The policy document encourages officials to use the sites “as an efficient and effective additional channel to interact with the public”, noting that the Internet offers opportunities for public consultation, recruitment, collaboration, and the provision of government services.
The government acknowledges that there are risks, however. These include potential misuse of government content or the possibility of negative perceptions associated with official use. While the document establishes a myriad of rules and guidelines for use of these services, it surprisingly does not consider how to respond to the negative risks.
My weekly technology law column (Toronto Star version, homepage version) notes the absence of policy direction may be partially to blame for recent revelations of government department demands to Google to remove certain content from its search database or websites. The haphazard manner in which these demands have occurred demonstrate the dangers of proceeding in an ad hoc manner in which officials race to demand the removal of lawful content without uniform policies or guidelines.
Yet newly obtained documents under the Access to Information Act indicate that the request was little more than a knee-jerk reaction to an online news story without internal vetting or legal analysis.
On September 29, 2011, an article appeared on AmeriQuebec.net, an independent Quebec media site, calling attention to the YouTube video, which was a somewhat vulgar protest against plans to include the Queen’s crown inside pages of Canadian passports. The video had just 21 views at the time, but the reaction within Passport Canada was to immediately contact Department of Justice officials for legal assistance and to express the hope that “we can legally threaten whoever posted it.”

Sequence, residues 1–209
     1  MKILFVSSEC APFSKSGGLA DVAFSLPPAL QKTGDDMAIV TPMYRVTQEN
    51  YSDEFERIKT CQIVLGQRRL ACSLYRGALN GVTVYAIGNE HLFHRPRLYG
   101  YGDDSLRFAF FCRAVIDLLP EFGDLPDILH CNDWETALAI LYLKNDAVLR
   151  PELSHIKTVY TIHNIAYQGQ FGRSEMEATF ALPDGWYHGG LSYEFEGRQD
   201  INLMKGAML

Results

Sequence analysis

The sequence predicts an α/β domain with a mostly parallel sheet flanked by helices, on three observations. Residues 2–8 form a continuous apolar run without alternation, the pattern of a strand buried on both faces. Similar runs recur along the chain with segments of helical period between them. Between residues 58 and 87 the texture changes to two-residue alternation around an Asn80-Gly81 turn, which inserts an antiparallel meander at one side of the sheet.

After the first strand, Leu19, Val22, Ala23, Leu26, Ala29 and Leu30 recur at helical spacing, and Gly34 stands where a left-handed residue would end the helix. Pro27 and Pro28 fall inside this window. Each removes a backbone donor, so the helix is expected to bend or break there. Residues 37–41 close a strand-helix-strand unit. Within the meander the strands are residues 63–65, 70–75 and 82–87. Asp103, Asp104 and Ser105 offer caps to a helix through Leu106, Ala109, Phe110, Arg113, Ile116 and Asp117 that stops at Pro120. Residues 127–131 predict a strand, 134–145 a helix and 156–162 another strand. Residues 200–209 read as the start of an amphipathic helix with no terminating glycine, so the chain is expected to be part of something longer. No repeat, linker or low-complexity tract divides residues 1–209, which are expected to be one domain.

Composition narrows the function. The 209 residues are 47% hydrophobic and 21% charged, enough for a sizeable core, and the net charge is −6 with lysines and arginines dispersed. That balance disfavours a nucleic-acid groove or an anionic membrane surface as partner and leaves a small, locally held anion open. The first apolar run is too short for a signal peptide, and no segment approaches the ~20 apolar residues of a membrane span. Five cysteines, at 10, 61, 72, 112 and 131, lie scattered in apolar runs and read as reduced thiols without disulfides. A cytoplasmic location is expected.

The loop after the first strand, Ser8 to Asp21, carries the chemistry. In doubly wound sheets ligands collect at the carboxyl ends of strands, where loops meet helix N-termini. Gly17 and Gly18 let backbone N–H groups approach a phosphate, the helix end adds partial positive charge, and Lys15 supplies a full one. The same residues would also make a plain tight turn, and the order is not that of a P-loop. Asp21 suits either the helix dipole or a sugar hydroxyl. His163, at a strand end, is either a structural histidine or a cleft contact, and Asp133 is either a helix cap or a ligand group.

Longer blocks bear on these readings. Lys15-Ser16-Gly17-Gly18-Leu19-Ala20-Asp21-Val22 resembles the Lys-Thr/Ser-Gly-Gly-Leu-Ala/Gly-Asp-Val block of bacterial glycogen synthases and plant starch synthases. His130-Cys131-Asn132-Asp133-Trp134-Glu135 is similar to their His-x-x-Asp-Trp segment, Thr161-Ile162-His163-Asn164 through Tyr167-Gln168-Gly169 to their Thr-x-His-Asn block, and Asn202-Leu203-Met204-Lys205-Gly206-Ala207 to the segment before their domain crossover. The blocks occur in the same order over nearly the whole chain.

The following day – before a legal analysis had even been completed – a Passport Canada official filed a takedown notice with YouTube, listing the violating law as “a Canadian citizen urinates on his Canadian passport before disposing the travel document down the toilet.”
While the case might be excused on the grounds that it involved an isolated incident and an overzealous official, a recent request for all Google-related government takedown requests by Lise St-Denis, a Liberal Member of Parliament, confirmed that Fisheries Canada also had a 2011 takedown request rejected by Google (other copyright related demands from the National Film Board and Public Service Commission have succeeded).
Moreover, earlier this year, Transport Canada issued a takedown demand to Scribd.com over the posting of an on-the-record response it provided to a journalist, while the Department of National Defence sought the removal of a leaked government document that had widely circulated for several years.
There may be legitimate reasons for some of the takedowns, particularly those involving inadvertent disclosures of personal information due to incorrect search engine settings, yet the absence of a government-wide policy on takedowns demands that fully respects free speech rights is a cause for concern. The government’s decision to embrace Web 2.0 is welcome, but a more balanced plan to address risks might help prevent future legally questionable takedown demands.